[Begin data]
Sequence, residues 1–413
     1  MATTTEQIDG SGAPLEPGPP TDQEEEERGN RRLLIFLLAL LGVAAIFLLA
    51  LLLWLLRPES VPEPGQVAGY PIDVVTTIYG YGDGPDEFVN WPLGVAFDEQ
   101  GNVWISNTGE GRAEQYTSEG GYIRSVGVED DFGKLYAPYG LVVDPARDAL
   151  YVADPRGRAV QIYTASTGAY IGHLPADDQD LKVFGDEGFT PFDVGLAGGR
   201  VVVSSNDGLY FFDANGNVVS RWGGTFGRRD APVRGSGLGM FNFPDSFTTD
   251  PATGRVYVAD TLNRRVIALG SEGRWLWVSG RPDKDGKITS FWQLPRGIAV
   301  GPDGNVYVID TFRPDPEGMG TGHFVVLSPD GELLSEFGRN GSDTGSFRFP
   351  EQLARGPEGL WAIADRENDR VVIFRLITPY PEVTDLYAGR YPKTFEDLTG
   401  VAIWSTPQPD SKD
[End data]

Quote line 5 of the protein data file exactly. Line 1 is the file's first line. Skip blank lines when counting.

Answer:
   151  YVADPRGRAV QIYTASTGAY IGHLPADDQD LKVFGDEGFT PFDVGLAGGR